ESA title
Science & Exploration

Ground experiments

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ESA / Science & Exploration / Human and Robotic Exploration / Cervantes Mission

The aim is to study chromosome damage in space caused by ionising radiation, which comes from the Sun or cosmic rays. Ionising radiation is strong enough to change the atomic structure of cells, so this experiment will be looking at the effect of ionising radiation at a genetic level. This experiment will use astronauts as test subjects but will not actually fly to the ISS. The research consists of analysing and comparing blood samples drawn from the astronauts pre-flight and post-flight. This experiment is linked to the GENE experiment. Principal Investigator: G. Obe (Germany).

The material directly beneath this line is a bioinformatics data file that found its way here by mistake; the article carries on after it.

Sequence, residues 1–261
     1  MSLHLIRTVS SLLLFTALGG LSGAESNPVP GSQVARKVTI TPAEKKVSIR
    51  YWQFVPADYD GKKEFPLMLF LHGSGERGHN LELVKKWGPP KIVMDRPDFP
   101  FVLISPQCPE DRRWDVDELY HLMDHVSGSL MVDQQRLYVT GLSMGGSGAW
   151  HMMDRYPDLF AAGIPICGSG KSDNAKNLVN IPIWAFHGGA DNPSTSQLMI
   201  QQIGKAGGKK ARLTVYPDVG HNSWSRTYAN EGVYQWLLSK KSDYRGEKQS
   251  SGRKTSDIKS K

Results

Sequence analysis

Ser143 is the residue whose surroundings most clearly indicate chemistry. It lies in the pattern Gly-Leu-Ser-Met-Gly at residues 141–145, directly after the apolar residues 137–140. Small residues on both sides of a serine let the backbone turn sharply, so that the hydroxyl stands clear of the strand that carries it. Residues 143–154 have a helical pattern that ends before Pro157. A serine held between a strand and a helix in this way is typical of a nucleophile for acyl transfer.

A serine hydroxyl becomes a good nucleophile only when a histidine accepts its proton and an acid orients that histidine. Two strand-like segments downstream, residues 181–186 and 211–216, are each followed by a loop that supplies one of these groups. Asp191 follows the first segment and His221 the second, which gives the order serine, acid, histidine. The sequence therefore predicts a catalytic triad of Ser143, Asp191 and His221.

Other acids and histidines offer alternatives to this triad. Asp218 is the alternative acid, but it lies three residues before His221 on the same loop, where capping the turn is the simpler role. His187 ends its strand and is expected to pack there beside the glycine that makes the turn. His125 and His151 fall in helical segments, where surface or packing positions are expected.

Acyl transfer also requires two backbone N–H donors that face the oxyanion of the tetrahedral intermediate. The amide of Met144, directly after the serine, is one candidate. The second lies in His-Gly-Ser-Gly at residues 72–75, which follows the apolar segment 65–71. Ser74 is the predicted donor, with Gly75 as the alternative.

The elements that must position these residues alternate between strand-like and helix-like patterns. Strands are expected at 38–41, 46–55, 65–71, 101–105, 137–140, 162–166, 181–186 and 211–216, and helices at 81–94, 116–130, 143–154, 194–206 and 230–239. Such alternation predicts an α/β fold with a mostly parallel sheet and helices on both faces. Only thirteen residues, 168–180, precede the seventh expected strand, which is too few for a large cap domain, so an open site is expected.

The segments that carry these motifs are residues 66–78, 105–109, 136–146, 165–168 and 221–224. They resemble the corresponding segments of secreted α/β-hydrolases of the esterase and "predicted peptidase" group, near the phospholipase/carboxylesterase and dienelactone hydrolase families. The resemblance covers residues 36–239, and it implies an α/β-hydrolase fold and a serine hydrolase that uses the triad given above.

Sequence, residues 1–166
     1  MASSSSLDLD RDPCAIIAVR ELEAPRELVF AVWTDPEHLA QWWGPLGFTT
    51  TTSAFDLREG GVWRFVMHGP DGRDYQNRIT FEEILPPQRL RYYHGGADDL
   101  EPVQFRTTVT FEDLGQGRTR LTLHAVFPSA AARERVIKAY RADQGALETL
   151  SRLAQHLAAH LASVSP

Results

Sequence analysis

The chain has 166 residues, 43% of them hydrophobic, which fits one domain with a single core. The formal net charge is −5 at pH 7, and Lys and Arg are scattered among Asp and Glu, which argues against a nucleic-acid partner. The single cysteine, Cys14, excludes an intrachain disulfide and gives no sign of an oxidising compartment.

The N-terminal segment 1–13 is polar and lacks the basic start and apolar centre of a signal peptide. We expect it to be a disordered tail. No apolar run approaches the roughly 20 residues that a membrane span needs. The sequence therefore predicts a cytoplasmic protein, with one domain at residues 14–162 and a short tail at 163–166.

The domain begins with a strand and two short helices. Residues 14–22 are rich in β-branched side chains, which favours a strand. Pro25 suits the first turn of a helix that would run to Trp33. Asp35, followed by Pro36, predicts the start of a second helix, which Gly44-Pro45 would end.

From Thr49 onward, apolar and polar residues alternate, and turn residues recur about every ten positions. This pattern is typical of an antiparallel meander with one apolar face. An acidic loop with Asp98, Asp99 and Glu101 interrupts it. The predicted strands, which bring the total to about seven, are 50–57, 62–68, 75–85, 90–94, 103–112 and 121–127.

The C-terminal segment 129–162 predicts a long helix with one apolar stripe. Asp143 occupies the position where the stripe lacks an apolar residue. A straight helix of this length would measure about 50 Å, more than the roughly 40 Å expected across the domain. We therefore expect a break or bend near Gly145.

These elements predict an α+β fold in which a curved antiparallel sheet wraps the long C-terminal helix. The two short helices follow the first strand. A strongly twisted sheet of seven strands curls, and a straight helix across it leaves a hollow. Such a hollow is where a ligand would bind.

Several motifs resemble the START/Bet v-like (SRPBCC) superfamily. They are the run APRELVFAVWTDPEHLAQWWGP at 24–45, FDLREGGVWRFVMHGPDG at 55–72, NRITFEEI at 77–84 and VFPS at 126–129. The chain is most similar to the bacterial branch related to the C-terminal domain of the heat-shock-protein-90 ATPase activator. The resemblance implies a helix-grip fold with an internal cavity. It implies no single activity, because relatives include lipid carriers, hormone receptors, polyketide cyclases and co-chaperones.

Subject on the tilting table
Subject on the tilting table

This ground experiment is a repeat of the experiment performed on the Odissea mission by ESA astronaut Frank De Winne in 2002. It aims at predicting an astronaut’s inability to stand upright (orthostatic intolerance) for 10 minutes after having spent a long time in a weightless environment. The predictions will be based on the measurements of physical parameters such as blood pressure, electrocardiograms, and brain blood flow (measured by ultrasound). The astronauts are tested pre-flight and post-flight in a ground-based lab using a computerised tilting table. Principal Investigator: J. M. Karamaker (The Netherlands).